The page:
It’s the second concert in the Hallé and BBC Philharmonic’s complete symphonic cycle celebrating 150 years of Ralph Vaughan Williams, and herein lies one of its crowning jewels: the composer’s unprecedentedly fierce Fourth Symphony. Alongside it we’ll hear the soaring piece after which the cycle is titled, Toward the Unknown Region, plus the dramatic yet balletic sweep of Job: A Masque for Dancing – all conducted by Sir Andrew Davis.
Vaughan Williams’ programme note for his third Pastoral symphony remarked that it was “almost entirely quiet and contemplative”. Indeed this is what people thought of as the essential Vaughan Williams. But those thoughts were somewhat derailed upon the arrival of his Fourth Symphony, which was a total departure from the sweet pastoral and religious idyll with which the composer’s name was previously inseparable. Granted pieces like Job: A Masque for Dancing, which we’ll come to in a moment, displayed flashes of dissonance, but nothing to suggest that Vaughan Williams had a work in him so fierce in temper, so abundant in rhythmic and harmonic conflict.
What did this sudden change in temperament mean? Well, there was no shortage of interpretations. Most read the work politically, in the context of Hitler recently staging major bloodbaths and Mussolini flexing his muscles in increasingly bleak directions. This enraged its composer, who said in a letter to his old friend Bobby Longman: “I wrote it not as a definite picture of anything external […] but simply because it occurred to me like this”. Perhaps, then, it’s his wife Ursula Vaughan Williams whose interpretation is closest to the truth: “No one seems to have observed how… closely it is related to the character of the man who wrote it. The towering furies of which he was capable, his fire, pride and strength are all revealed and so are his imagination and lyricism.”.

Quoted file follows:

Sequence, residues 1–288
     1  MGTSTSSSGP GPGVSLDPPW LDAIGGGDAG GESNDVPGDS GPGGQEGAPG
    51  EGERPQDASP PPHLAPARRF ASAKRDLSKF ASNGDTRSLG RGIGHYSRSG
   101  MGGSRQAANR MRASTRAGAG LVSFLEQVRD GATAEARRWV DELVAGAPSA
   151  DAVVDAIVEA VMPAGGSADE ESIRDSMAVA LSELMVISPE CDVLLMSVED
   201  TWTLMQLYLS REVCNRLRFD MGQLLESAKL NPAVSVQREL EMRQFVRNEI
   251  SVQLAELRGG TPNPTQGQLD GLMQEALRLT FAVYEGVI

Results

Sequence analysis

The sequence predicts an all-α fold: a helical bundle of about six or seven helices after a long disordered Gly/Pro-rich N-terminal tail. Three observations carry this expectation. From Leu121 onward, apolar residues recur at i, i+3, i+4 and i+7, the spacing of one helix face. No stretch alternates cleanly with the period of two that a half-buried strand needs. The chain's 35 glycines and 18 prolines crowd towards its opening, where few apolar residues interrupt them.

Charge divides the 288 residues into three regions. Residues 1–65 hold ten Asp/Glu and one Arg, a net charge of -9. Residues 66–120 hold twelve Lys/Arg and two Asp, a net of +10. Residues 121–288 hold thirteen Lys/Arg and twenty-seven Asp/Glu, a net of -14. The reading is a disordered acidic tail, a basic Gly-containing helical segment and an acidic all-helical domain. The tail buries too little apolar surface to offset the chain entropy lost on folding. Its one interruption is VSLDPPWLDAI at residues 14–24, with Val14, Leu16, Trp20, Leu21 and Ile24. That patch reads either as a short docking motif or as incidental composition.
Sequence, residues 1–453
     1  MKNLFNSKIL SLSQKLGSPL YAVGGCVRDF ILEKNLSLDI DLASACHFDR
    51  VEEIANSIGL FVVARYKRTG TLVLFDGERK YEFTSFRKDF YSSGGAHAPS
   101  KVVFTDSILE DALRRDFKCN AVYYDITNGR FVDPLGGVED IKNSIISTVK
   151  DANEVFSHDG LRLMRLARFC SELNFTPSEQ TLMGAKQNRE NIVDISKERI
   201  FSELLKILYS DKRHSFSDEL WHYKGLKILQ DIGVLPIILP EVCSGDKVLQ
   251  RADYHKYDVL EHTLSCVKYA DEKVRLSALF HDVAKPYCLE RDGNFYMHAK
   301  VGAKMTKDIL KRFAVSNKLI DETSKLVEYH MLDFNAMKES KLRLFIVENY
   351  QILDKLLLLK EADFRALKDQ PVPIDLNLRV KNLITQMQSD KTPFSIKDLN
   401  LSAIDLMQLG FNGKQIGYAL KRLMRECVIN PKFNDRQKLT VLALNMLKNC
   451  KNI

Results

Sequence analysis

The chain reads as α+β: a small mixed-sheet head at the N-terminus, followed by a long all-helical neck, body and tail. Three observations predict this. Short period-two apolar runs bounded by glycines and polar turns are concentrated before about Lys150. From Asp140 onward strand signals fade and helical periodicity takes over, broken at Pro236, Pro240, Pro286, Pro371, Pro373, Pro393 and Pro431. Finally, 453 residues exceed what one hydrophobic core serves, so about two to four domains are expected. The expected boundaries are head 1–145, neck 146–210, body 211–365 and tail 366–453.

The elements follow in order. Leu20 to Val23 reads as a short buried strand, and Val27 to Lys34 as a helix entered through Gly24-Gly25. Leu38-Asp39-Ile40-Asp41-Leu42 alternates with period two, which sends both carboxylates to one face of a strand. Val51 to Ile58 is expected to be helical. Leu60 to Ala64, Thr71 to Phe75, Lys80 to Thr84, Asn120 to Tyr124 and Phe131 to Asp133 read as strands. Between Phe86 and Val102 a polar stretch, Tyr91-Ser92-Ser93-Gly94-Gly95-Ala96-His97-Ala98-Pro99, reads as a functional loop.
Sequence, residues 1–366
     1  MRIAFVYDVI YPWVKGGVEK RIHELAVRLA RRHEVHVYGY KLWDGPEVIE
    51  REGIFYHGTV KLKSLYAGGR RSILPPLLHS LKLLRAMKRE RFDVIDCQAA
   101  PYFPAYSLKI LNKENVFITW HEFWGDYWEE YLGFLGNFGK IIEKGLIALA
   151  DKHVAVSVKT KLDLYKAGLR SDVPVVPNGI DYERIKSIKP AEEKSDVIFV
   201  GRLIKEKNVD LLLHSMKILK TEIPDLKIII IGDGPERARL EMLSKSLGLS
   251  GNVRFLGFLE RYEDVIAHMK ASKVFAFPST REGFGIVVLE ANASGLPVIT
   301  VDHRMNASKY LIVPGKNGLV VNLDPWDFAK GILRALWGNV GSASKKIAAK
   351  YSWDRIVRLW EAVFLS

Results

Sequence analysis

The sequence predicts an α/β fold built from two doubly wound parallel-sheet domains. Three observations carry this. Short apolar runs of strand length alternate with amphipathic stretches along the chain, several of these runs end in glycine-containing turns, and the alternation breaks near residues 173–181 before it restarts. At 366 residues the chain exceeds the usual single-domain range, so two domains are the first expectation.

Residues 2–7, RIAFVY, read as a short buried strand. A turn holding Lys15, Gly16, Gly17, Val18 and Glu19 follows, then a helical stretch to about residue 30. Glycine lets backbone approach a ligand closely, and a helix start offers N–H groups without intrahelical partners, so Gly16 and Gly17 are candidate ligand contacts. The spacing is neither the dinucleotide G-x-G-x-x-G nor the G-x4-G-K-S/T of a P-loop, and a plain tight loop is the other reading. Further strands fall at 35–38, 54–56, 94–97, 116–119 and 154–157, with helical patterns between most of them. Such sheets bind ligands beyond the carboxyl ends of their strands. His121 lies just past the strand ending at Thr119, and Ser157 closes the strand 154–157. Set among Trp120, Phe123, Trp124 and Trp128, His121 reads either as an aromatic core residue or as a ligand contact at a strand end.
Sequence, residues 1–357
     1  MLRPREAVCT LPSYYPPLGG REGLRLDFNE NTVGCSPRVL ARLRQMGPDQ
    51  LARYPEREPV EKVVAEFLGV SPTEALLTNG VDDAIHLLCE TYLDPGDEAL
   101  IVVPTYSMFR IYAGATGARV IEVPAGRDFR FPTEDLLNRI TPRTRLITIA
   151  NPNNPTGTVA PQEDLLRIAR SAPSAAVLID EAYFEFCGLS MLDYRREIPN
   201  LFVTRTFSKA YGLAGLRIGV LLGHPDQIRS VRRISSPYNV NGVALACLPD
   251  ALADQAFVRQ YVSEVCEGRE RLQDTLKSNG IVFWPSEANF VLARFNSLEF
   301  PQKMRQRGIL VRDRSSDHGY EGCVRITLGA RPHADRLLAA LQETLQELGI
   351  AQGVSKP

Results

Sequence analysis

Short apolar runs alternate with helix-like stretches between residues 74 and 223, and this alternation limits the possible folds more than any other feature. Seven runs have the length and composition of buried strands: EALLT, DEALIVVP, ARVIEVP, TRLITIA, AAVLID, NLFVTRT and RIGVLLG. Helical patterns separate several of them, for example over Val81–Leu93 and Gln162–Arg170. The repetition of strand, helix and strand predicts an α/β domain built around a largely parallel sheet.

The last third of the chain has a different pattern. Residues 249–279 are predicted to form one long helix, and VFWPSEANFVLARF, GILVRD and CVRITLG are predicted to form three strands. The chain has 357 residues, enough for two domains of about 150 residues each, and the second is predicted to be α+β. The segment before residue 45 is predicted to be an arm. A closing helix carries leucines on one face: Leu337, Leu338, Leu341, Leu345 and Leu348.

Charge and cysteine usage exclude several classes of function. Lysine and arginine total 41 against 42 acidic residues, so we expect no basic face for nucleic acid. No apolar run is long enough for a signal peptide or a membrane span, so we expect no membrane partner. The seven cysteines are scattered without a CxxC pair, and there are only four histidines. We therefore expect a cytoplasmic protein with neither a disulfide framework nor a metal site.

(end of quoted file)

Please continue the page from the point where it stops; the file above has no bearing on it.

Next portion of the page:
Onto something very different. Toward The Unknown Region is a short piece written by Vaughan Williams for orchestra and choir (tonight, the Hallé Choir), based on a poem by Walt Whitman. The composer – along with fellow British composers including Holst and Delius – wrote several settings of Whitman poems, but this is the one that brought him to public attention in 1907, when its premiere in Leeds announced the arrival of a new and important voice in English music. Vaughan Williams’ piece perfectly encapsulates Whitman’s noble, humanistic aspirations as it journeys, in the composer’s unmistakable style, into the eternal beyond.
In a way, the final piece in tonight’s programme, Job – A Masque for Dancing, does the same thing. It’s a masterful interpretation of the battle between God and Satan as viewed through the prism of the servant who never quite lost his faith. Vaughan Williams wrote this music for a one act ballet produced for the Vic-Wells Ballet in 1931, inspired by a scenario drawn up by author Geoffrey Keynes, itself based on William Blake’s Illustrations of the Book of Job. A powerful, dramatic piece for full orchestra including organ, it exhibits the composer at the height of his powers, and it caps off tonight’s programme in triumphant style.